In nasal allergies you may have itchy eyes and nose. In colds you don’t.
Do your symptoms last for more than 7 to 10 days?
Cold symptoms usually last for less than 7-10 days. Symptoms of nasal allergy can last for weeks or months.
Do your nasal symptoms appear to be seasonal?
If you have nasal symptoms at the same time every year, then actually you have nasal allergy.
What is allergic rhinitis?
In Allergic Rhinitis the inside of your nose gets swollen and inflamed. As a result, you may experience nasal allergy symptoms, such as sneezing, congestion (stuffy nose), runny and itchy nose.
Common symptoms of Allergic Rhinitis are:
- Sneezing (usually sudden & strong)
- Runny & itch nose
- Red, watery & itchy eyes
- Breathing through mouth
In addition, conditions such as Asthma, Nasal Polyps (small growth of tissues in the nasal cavity), Sinusitis (infection of sinuses), Otitis Media (infection of middle ear) and difficulty in breathing may also be associated with rhinitis.
If you sneeze and have a runny nose or nasal congestion only at certain times of the year, you probably have seasonal allergic rhinitis (your triggers are outdoor substance such as: tree, weed or grass pollens, outdoor mold and spores), but if you suffer from nasal allergy symptoms all year long you probably have perennial allergic rhinitis.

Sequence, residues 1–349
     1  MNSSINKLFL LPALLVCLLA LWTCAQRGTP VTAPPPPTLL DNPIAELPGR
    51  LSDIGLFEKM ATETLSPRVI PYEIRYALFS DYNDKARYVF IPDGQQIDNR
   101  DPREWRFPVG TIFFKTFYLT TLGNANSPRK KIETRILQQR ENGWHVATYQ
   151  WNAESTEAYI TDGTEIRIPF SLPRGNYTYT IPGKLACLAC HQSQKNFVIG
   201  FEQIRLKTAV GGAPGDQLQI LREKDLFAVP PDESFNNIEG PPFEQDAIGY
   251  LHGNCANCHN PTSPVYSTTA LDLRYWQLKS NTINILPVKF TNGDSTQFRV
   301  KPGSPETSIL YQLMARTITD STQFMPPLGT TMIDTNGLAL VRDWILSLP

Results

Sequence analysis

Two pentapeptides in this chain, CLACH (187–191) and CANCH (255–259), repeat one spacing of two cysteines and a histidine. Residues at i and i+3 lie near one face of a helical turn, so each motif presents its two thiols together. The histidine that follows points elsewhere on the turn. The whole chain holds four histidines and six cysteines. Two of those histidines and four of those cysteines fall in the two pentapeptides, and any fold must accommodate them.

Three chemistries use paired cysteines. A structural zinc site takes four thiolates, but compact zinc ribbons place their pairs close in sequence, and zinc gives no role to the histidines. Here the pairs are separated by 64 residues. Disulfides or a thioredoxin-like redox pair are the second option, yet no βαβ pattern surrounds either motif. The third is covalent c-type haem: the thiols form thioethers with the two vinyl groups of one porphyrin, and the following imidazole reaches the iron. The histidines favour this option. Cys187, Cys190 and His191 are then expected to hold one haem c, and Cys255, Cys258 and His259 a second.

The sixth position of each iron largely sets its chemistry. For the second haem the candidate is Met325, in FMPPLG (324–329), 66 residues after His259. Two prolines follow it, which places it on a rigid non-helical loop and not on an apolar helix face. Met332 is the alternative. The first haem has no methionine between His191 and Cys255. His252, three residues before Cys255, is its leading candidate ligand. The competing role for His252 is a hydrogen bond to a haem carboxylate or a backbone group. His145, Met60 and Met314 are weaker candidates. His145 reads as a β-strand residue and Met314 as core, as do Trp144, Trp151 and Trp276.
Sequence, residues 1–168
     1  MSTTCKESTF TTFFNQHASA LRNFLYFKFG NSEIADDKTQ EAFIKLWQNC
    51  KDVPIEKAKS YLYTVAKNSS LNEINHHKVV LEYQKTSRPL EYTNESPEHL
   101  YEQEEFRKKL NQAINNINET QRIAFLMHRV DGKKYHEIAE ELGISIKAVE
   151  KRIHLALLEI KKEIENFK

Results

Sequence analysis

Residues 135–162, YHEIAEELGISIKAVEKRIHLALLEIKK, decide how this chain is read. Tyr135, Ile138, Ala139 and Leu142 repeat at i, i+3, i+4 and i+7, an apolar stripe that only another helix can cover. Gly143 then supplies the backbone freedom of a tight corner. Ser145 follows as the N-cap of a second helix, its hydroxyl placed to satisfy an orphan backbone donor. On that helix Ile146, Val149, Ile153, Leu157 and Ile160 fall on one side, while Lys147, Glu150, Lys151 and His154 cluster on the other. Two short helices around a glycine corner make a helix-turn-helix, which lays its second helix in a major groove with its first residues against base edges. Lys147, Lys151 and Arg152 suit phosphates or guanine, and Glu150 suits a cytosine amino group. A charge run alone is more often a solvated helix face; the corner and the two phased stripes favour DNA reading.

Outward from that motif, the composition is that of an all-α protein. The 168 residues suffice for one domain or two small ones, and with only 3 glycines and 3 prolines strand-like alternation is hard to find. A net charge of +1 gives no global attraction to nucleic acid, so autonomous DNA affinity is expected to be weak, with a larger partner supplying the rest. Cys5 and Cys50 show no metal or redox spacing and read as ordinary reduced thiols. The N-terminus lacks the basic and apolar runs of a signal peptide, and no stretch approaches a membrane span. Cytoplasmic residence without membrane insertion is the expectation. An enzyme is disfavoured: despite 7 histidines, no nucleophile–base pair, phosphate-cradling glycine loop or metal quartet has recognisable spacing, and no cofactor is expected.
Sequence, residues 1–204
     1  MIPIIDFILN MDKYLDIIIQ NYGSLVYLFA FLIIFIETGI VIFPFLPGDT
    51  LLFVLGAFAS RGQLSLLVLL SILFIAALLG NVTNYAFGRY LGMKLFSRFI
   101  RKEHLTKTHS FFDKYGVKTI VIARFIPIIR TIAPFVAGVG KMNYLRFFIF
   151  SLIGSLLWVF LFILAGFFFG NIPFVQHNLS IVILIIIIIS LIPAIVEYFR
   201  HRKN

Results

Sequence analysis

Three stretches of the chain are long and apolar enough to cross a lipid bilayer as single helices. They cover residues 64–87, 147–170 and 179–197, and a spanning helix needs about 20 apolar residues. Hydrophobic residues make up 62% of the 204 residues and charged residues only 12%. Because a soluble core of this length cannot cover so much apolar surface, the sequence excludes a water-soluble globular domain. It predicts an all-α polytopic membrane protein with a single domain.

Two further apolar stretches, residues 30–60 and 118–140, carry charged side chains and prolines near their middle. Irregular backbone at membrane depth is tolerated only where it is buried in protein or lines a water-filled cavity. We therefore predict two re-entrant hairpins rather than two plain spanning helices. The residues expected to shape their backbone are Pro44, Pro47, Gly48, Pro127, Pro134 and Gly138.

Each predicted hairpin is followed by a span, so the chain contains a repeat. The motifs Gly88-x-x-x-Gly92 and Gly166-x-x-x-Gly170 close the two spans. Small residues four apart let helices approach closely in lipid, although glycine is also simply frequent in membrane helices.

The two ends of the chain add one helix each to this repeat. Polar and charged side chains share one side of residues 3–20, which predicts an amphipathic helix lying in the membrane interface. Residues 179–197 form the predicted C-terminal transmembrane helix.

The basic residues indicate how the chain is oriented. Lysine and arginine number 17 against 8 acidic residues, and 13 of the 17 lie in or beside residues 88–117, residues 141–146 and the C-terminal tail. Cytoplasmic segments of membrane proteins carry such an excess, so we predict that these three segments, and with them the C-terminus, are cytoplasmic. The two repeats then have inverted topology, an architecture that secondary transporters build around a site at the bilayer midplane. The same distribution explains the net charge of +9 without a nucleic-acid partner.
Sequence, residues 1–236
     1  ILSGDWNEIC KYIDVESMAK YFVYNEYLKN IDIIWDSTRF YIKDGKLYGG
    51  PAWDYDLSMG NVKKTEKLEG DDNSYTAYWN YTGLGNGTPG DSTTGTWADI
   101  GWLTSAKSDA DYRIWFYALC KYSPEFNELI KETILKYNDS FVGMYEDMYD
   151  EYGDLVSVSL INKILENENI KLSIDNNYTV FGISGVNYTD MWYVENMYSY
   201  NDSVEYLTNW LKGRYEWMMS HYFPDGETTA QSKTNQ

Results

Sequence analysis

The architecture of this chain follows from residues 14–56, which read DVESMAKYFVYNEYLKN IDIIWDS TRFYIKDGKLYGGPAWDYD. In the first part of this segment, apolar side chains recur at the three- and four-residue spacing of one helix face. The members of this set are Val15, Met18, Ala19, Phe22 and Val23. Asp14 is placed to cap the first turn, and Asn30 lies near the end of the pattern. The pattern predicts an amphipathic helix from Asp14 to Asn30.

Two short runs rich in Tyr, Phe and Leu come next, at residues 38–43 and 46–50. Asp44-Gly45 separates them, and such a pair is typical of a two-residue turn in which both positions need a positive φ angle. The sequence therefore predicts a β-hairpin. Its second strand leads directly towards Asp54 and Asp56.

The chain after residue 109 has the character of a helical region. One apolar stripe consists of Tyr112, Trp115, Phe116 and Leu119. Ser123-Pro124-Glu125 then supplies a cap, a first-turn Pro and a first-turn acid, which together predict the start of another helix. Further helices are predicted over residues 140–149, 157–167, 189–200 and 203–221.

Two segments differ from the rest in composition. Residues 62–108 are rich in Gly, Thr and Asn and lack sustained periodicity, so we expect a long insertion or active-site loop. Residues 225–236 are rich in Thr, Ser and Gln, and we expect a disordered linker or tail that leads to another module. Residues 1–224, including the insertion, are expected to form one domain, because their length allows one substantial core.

What causes Allergic Rhinitis?
If you have nasal allergies, immune cells in your nasal lining overreact to certain “allergic triggers” that you breathe in through air. Substances that cause an allergic response are called Allergens. These include seasonal nasal allergy triggers such as pollen and year round nasal allergy triggers such as dust mites, animal dander and mold spores.
How Nasal Allergies are treated
- Environmental controls: which are ways of avoiding your triggers. The most effective way to manage nasal allergies is to avoid the allergens and irritants that trigger your nasal allergy symptoms.
- Appropriate medication: Taking tablets and nasal sprays. The type of medication recommended by your doctor will depend on the severity and frequency of your nasal allergy symptoms, your lifestyle and your medical history. The main class of medications are:
- Antihistamine tablets – Effective but can cause drowsiness.
- Decongestant tablets – may also be helpful in reducing symptoms such as nasal congestion, but should not be used for long periods.
- Nasal corticosteroid sprays – very effective and safe.
Take your prescribed nasal allergy medication
Makes sure you follow your doctor’s exact directions when it comes to taking your nasal allergy medication. This includes:
- Taking the right amount of medication.
- Taking the medication at the right time, and as often as you’re supposed to.
- Continuing to take the medication for as long as your doctor directs.
Keep in touch with your doctor
Your nasal allergy care and planning should always begin with your doctor. He or she has the expertise to develop the best plan of care for you and your nasal allergies. So, it is essential to keep talking/meeting with your doctor on a regular basis.